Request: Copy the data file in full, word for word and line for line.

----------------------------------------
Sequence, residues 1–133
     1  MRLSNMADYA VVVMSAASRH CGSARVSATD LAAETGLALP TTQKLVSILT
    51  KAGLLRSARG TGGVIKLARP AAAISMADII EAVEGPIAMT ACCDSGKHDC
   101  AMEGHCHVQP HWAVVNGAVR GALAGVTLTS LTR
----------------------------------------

Sequence, residues 1–133
     1  MRLSNMADYA VVVMSAASRH CGSARVSATD LAAETGLALP TTQKLVSILT
    51  KAGLLRSARG TGGVIKLARP AAAISMADII EAVEGPIAMT ACCDSGKHDC
   101  AMEGHCHVQP HWAVVNGAVR GALAGVTLTS LTR